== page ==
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Unshakable Bond with (almost) Unbreakable HP
Posted by Paul J. Brogger on 2 Apr 2000, 9:49 p.m.
My excellent 1st-year math professor, Dr. Matthew Halfant (Hi, Matt!), strongly recommended we students buy HPís when we went out to get our calculators for college. I drove two hours to Portland to buy an HP-21, and fell in love. Other than using it to learn and appreciate RPN, my most vivid HP-21 memory is when the power went out unexpectedly. Deep in the bowels of our lab building, I turned it on, punched in all 8ís and used it for a flashlight to find my way past the oscilloscopes and out of the building.
My senior year, I ordered an HP-29C by mail order Ė my first stored-program digital computer. In a Computability class, I simulated the Universal Turing Machine (indirectly addressing a multi-register "tape") in 98 steps!
I would routinely toss my HP 6 feet away to the hard brick of "red square" to demonstrate its durability, and the TI users would (probably correctly) point out that thatís not how a calculator is used. My bravado was shattered the last time I tried this little stunt when I turned it on and saw to my horror that the display was filled with flickering ghost images and randomly-lighted segments!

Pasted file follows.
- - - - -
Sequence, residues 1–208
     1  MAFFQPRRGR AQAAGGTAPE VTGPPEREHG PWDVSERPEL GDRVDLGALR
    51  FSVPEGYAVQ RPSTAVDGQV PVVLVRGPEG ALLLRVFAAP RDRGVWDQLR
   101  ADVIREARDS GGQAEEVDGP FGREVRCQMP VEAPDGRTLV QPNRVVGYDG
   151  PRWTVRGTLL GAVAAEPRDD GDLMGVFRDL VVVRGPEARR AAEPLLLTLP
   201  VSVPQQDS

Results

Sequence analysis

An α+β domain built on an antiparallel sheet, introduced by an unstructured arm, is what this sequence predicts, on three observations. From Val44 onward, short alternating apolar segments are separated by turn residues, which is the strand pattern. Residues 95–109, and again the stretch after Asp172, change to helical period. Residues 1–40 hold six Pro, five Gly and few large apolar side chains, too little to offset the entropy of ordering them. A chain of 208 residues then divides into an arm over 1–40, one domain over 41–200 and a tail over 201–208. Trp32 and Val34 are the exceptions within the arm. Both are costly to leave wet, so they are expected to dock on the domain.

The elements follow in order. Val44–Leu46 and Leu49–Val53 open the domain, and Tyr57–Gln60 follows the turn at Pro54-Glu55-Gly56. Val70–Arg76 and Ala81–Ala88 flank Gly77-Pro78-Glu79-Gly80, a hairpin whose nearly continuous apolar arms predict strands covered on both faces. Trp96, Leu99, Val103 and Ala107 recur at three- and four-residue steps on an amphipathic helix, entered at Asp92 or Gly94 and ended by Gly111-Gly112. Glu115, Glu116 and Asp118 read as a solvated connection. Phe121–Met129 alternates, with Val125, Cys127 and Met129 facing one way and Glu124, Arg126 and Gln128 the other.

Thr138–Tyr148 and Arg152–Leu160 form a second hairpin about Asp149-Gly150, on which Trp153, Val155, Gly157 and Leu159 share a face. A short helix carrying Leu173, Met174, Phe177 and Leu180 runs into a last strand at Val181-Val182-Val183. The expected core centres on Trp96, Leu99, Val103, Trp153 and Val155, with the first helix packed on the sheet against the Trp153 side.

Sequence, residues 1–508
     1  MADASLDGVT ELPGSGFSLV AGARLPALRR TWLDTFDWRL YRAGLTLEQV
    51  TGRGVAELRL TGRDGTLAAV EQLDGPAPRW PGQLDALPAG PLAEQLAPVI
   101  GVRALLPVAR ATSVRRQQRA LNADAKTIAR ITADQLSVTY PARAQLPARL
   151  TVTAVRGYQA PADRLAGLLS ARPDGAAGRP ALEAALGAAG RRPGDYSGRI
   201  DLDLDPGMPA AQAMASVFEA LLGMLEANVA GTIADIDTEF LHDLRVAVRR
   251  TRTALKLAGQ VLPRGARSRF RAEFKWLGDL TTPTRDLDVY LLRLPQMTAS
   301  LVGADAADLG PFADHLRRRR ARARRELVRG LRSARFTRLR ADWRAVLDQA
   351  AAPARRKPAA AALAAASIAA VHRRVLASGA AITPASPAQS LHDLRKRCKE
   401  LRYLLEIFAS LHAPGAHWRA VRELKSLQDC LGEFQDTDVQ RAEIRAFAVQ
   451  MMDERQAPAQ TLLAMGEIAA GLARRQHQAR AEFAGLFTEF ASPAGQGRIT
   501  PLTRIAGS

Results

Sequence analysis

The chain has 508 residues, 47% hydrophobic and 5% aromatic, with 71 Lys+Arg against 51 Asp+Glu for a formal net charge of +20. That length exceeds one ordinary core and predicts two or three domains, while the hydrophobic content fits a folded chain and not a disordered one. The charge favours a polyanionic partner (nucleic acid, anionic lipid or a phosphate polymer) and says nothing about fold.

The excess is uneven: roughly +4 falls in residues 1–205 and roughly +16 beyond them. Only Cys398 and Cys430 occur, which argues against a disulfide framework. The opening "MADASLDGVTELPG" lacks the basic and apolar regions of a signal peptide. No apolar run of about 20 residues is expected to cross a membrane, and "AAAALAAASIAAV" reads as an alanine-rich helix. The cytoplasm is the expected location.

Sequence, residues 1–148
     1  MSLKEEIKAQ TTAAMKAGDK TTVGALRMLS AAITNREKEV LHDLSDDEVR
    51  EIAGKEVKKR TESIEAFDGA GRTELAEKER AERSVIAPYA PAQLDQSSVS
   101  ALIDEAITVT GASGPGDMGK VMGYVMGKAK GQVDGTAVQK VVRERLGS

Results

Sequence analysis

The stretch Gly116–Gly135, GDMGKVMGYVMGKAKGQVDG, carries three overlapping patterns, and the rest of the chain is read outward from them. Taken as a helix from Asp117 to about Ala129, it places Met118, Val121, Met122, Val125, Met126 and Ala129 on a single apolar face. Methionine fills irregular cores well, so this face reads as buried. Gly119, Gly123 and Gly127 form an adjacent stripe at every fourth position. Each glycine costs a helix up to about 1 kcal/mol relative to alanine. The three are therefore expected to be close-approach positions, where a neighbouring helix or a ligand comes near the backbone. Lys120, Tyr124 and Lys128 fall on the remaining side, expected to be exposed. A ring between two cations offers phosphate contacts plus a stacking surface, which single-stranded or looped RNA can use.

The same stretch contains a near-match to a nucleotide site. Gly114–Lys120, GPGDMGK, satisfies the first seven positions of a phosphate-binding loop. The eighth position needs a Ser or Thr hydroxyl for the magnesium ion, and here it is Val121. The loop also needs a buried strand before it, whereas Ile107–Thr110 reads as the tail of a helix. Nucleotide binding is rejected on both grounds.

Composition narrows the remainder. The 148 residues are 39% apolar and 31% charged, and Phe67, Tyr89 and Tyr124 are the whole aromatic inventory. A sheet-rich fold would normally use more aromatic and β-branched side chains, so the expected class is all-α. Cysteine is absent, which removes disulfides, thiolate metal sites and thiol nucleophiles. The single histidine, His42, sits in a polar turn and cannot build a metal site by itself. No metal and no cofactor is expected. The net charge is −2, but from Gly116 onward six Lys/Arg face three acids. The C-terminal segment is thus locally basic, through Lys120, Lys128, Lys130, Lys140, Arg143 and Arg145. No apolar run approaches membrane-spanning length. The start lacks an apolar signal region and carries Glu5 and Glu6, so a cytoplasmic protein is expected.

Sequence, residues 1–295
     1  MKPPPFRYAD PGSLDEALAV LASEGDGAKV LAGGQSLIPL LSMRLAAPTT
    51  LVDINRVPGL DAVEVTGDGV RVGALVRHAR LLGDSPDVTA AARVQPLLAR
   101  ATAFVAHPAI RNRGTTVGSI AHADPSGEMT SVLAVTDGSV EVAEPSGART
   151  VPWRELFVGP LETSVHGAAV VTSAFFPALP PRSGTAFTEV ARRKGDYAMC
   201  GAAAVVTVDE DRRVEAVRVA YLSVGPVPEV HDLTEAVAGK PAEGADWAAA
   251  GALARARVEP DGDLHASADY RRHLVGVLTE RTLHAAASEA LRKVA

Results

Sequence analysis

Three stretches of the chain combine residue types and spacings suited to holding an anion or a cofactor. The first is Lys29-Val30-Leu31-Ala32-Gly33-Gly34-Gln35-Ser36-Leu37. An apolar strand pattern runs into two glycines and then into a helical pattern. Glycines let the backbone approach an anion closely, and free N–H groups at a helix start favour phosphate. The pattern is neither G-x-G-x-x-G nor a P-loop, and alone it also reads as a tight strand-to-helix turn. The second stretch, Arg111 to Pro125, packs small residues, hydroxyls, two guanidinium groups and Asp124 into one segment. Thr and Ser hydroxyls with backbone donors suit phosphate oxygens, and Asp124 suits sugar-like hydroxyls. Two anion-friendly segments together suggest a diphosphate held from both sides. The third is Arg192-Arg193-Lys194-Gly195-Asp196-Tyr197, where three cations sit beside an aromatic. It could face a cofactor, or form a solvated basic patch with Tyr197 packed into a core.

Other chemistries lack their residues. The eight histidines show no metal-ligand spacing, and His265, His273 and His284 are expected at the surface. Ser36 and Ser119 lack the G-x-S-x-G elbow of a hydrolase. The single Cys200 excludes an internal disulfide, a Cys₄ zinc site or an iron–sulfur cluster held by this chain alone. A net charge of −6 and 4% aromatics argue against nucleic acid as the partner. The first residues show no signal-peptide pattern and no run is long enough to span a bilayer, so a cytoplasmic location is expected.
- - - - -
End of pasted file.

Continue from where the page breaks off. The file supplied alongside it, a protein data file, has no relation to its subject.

Having played some with electronics hardware, I brazenly decided to try & fix it myself. (Kids: do not try this at home!) Iíd already dismantled the thing to see what it was like inside, so that part was easy. Everything looked O.K. superficially, so I took the clear plastic lens off of the LED circuit board, and examined the display chips under a dissecting microscope. Apparently, the inertia of repeated trips to the pavement had caused some of the hair-fine connecting wire loops to collapse onto one another and to the pcb, shorting out some of the display traces. I sharpened a soda straw, heated it over a Bunsen burner (to remove burrs), and (again working under the dissecting scope), carefully picked up each tiny wire loop, restoring their proper shapes and separation. After re-assembly, the display worked perfectly, and I never undertook dramatic demonstrations of HP durability again!
Since the days of school, Iíve had an -11C, a -28S, a -32S and am now inseparably bound to my HP-42S, which I believe represents the very apex of shirt-pocket-portable RPN calculator design and usefulness.
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